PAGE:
The patient stopped smoking over a 6-week period. Random cotinine testing confirmed her compliance. An MDCTA of the abdominal wall vascularity demonstrated several sizable perforators lying within the right medial rectus abdominis muscle (▶Fig. 66.7).
The patient was taken to surgery with a plan to perform an MS2-free TRAM flap, but the possibility of a DIEP flap was entertained based on the CTA results (▶Fig. 66.8a). A SPY angiogram with indocyanine green (ICG) was performed at the onset of surgery and two large perforator blooms could be seen arising from the medial row of the right rectus muscle; these were robust enough to commit to a DIEP flap instead of MS2-free TRAM (▶Fig. 66.8b,c). The flap was raised incorporating the cross midline tissue, but the tissue lateral to the left paramedian incision was discarded (▶Fig. 66.8d,e). The flap was anastomosed to the left IMA/V and the patient had an uncomplicated course apart from some minor skin necrosis of her donor site abdominal skin flap to the right of the midline. The DIEP flap healed without problems (▶Fig. 66.9).
Six weeks later, she was taken back to surgery and a right vertical breast reduction and left nipple reconstruction was performed.
She is shown before and 1 year after surgery. She did well for 4 years but unfortunately succumbed to pancreatic cancer recently (▶Fig. 66.10).
66.4 Case 3: Free Tram Flap Salvage of Massive Full-Thickness Chest Wall Defect Following Resection of Radiation-Induced Osteoradionecrosis of the Chest Wall
This elderly woman had undergone a Halsted radical mastectomy 30 years previously for left breast cancer. Over the years, she developed thinning of her skin with gradual but progressive ulceration and bleeding from the radiated anterior chest wall (▶Fig. 66.11).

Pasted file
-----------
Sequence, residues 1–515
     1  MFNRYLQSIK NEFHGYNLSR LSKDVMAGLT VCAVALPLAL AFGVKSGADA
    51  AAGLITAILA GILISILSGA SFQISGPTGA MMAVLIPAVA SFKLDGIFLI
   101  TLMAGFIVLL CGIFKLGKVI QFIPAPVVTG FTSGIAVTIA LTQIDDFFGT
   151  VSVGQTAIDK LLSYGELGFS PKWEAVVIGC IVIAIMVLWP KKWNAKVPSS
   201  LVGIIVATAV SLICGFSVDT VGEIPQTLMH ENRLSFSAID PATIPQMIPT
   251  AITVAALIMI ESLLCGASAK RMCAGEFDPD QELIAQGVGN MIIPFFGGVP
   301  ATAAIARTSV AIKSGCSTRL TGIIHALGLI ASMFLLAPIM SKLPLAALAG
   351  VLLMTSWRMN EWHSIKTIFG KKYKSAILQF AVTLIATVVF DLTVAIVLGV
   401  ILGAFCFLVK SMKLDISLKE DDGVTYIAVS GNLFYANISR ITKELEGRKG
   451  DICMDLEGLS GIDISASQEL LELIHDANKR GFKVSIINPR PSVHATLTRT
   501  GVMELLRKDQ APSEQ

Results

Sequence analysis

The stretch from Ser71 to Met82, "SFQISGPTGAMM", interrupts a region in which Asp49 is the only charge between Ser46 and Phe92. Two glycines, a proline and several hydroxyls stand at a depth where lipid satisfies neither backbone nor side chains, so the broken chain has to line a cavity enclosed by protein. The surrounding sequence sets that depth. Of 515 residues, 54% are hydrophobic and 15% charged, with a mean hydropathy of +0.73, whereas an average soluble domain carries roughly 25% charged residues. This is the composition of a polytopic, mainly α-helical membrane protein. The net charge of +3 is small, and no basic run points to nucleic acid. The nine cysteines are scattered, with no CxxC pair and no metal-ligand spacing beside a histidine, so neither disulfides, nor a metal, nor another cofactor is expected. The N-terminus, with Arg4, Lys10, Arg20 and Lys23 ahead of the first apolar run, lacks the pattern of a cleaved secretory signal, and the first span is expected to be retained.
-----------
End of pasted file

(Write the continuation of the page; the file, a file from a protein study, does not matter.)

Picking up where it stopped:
Eventually, she ulcerated through to the lung and was referred to us by the thoracic service. Dr. Bostwick had planned a bipedicled TRAM flap reconstruction, but the thoracic surgeons resected the entire sternum and both IMA/V vessels to their source. The author was called in to perform a free TRAM flap (▶Fig. 66.12).
Massive cross midline 30 × 25 cm defect.
Exposed heart and both lungs without pleura or pericardial covering.
Small stump of the left IMA arising from the great vessels.
Large free TRAM flap based on right DIEA/V.
Arterial anastomosis to left IMA stump.
Venous anastomosis end to side to innominate vein.
The flap was raised with both pedicles in case perfusion from one side was inadequate (at that time, no perfusion assessment devices were available). The DIEA was suture end to end to the left IMA stump with 9–0 nylon. As the internal mammary veins (IMVs) had been totally resected, and end-to-side anastomosis of the IMV to innominate vein was performed using a Satinsky side clamp to the great vessels. Perfusion proved to be excellent to all zones of the flap in this otherwise healthy nonsmoker (▶Fig. 66.13).
The patient healed uneventfully and chest tubes were removed at 3 days postoperatively. She left hospital at postoperative day 7. As no methylmethacrylate was used to buttress the chest wall due to the stiffness of her radiated lungs and heart, she wore an acrylic chest shield when she drove a car. She was followed for 7 years until she moved elsewhere, but she remained solidly healed without respiratory problems during that time.